Disclosure and Barring Service revamp is four years late and £230m over budget, say MPs
The Home Office has been accused of running a “masterclass in incompetence” over its attempts to improve the criminal records checking scheme.
Parliament’s public spending watchdog said a programme to modernise the Disclosure and Barring Service (DBS) has been marred by poor planning, delays and spiralling costs.
Bill eliminates mandatory ‘cooling off’ periods for handling claims and requires lawmakers to repay the treasury for settlements
The Senate gave swift approval on Thursday to a bill that revamps the system for handling sexual harassment complaints on Capitol Hill.
The bill eliminates mandatory waiting periods for handling claims and requires lawmakers to repay the treasury for harassment settlements.
Related: Eight women allege sexual harassment at XPO Logistics warehouse in Memphis
Behind the Gown initiative launched to help exploited lawyers fight abuse of power
Barristers’ chambers and courts are plagued with sexual harassment, bullying and abuse of power, according to a group dedicated to delivering justice to exploited lawyers.
The inaugural meeting of Behind the Gown, held in central London on Wednesday evening, heard complaints of inappropriate behaviour and discriminatory conduct by judges, QCs and senior lawyers.
Related: Barristers in England and Wales ‘in grip of mental health crisis’
Sexual consent laws in Sweden are changing and there has been a rise in the use of consent apps – we would like to hear your views
Sweden has passed new legislation that recognises sex without explicit consent is rape.
Related: Sweden plans change in law to require explicit consent before sexual contact
As well as missing important announcements on Twitter, I’ve had to forfeit my right to dissent. A court ruling changes that
For the first time, a federal court has ruled that President Donald Trump is in violation of US citizen’s first amendment rights. Was it because he was silencing the media? Not for lack of trying, but no. Was it because he was handing down dictums from on high about whether football players should be able to kneel or not? Nope!
It’s because he blocks political dissent on his self-described favorite mode of communicating with the American public: Twitter.
Trump is not only blocking our right to petition our government and access important information, but he distorts that public forum by purging critical voices
Related: Donald Trump cannot block anyone on Twitter, court rules
The streaming company will recompense songwriters not paid enough royalties, but one unhappy music publisher claims ruling is ‘a free pass on wilful infringement’
Spotify will pay out $112m (£83.5m) in a settlement agreement, following two lawsuits that claimed songwriters hadn’t been paid enough in royalties for their work being streamed on the service.
The class action, a combination of the two lawsuits, originally came from David Lowery, an musicians’ rights advocate from the band Camper Van Beethoven, and Melissa Ferrick, a songwriter and owner of a music publishing company. They each asserted that Spotify had failed to obtain proper licences to songwriters’ work; Ferrick accused them of “wholesale copyright infringement”.
Pigs outstripped people in Duplin county long ago – but now the residents are fighting back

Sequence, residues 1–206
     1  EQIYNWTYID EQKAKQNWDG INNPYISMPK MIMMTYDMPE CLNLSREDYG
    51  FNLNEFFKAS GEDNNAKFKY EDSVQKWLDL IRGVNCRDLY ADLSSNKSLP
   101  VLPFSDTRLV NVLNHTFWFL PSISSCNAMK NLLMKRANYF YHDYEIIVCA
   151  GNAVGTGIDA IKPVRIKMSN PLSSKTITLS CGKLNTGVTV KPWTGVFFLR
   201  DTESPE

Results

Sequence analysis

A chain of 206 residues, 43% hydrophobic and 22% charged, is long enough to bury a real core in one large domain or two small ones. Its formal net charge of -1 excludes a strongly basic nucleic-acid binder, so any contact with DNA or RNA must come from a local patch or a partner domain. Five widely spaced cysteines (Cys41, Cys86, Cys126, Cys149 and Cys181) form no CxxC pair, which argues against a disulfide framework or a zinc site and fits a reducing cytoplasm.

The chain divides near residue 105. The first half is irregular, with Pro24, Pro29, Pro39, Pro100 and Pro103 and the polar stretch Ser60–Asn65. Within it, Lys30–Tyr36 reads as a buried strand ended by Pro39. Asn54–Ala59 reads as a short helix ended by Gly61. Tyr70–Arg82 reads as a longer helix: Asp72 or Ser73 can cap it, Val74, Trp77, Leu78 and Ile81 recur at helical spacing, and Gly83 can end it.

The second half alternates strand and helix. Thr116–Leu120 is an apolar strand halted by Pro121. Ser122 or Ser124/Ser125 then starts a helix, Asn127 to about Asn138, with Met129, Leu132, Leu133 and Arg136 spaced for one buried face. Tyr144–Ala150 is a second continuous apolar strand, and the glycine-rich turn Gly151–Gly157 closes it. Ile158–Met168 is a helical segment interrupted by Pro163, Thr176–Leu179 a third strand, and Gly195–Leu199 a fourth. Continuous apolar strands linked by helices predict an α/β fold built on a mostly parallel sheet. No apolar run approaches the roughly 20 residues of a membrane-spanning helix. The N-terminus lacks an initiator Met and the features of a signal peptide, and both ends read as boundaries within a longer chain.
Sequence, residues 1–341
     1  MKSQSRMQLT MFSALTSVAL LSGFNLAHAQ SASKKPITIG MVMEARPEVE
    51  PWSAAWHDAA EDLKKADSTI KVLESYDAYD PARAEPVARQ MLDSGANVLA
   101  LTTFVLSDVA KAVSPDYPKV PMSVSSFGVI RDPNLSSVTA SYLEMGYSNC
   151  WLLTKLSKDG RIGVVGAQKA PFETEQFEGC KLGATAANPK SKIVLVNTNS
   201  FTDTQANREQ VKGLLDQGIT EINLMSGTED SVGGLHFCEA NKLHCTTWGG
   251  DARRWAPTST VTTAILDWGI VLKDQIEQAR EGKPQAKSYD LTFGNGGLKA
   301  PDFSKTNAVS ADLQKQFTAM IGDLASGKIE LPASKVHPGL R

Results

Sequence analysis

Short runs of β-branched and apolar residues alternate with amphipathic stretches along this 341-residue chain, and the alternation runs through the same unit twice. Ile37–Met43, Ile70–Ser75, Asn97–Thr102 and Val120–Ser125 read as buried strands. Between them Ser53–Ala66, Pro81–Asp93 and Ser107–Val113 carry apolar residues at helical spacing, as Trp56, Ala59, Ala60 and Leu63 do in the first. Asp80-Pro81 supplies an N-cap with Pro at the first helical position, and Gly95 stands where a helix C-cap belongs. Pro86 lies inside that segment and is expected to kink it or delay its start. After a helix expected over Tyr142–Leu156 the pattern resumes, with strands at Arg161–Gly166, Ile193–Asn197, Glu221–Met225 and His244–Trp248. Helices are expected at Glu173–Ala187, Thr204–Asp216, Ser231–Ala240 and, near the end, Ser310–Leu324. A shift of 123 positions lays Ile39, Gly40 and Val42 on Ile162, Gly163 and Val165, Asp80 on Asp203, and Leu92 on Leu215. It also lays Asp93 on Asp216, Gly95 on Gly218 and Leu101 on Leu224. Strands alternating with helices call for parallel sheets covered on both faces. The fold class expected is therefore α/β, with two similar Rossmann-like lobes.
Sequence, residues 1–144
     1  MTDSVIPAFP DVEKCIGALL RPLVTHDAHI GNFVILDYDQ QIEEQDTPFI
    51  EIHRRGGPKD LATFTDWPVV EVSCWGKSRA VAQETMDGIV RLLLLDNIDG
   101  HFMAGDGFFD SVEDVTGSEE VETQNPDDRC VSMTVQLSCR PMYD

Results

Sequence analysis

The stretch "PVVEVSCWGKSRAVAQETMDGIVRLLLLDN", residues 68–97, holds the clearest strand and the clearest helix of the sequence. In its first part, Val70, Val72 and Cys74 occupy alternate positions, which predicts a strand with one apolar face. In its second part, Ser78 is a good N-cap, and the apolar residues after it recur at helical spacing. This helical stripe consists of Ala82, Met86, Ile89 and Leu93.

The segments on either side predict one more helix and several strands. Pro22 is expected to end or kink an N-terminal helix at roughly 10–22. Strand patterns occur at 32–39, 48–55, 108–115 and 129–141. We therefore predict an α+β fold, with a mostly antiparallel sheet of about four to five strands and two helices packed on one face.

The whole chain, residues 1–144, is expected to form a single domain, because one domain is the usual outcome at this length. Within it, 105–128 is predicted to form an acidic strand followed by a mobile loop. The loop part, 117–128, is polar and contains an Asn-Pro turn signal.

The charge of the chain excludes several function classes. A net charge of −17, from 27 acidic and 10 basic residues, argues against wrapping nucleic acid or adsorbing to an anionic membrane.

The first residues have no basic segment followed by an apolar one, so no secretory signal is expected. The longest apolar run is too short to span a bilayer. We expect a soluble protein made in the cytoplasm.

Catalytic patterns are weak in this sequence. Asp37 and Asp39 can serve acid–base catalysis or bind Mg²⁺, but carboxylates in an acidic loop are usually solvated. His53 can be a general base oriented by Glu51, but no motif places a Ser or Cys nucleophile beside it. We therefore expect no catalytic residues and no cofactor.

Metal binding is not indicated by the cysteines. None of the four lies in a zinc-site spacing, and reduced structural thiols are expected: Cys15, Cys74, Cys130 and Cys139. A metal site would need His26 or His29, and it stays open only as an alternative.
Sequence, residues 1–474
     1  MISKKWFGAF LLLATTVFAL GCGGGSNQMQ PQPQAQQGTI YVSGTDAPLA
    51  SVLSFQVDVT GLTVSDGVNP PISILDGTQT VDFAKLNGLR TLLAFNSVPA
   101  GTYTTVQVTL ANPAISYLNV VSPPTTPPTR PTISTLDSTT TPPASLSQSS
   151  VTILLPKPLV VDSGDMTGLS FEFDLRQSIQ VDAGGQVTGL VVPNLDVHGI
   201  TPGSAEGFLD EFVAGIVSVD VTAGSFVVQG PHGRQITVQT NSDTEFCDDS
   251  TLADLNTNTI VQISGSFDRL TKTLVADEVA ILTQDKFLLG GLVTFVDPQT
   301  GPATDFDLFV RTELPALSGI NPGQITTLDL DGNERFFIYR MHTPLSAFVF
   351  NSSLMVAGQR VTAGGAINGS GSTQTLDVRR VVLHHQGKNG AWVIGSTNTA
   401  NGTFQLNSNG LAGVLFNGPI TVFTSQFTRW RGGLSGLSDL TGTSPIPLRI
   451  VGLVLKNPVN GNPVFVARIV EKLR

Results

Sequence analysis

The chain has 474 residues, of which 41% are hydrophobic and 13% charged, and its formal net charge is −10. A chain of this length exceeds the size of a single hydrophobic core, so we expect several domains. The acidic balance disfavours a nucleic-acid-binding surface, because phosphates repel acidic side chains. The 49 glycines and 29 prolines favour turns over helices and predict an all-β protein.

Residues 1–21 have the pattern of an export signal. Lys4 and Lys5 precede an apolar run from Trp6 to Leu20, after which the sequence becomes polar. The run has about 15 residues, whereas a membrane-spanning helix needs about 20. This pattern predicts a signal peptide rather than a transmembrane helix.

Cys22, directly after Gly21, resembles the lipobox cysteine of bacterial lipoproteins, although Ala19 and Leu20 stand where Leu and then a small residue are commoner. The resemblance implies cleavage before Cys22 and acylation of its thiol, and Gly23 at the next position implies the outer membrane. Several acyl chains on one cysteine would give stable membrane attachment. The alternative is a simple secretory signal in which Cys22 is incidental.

Two poles that once hoisted a clothes line stand rusting and unused in Elsie Herring’s back garden in eastern North Carolina. Herring lives next door to a field where pig manure is sprayed and the drifting faecal matter wasn’t kind to her drying clothes.
“The clothes would stink so you’d wash them again and again until they fell apart,” said Herring, whose family has lived in Wallace since her grandfather, a freed slave, purchased land in the 1890s.
A miasma of “offensive and sustained swine manure odors” lingers around the homes.
“Anything white people don’t want, they dump on eastern North Carolina.”
Related: Share your stories from inside the farming industry
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Sybrina Fulton and Tracy Martin claim production company failed to pay option fee after entering into deal to purchase rights to book about their son’s killing in 2012
The parents of Trayvon Martin, the Florida teenager shot dead while walking home from a convenience store by George Zimmerman, have claimed they are owed at least $150,000 (£110,000) by the Weinstein Company.
According to documents filed by Sybrina Fulton and Tracy Martin in a Delaware bankruptcy court, the company formerly run by the disgraced Hollywood mogul entered into a deal to purchase the rights to a possible movie and TV series based on their book, Rest in Power: The Enduring Life of Trayvon Martin.
Former girl group member Kaya Jones claimed members were used for sex by music executives – the group has now sued the Mail’s parent company for publishing her remarks
Girl group Pussycat Dolls are suing the parent company of the Daily Mail, after an article was published in which former member Kaya Jones said the group was a “prostitution ring”, where members were given drugs and “passed around” music industry executives for sex.
The lawsuit, filed by the band’s manager, Robin Antin, as well as under the Pussycat Dolls Inc brand name, is citing defamation as a result of the article, published in October 2017. It describes the article as “intentional, reckless and malicious … false and defamatory statements made by a disgruntled, unreliable and biased person looking for her 15 minutes of fame, Kaya Jones, when the defendants knew through their direct prior dealings with plaintiffs, or should have known, with even the most basic check, that Ms Jones was unreliable and her story obviously false”.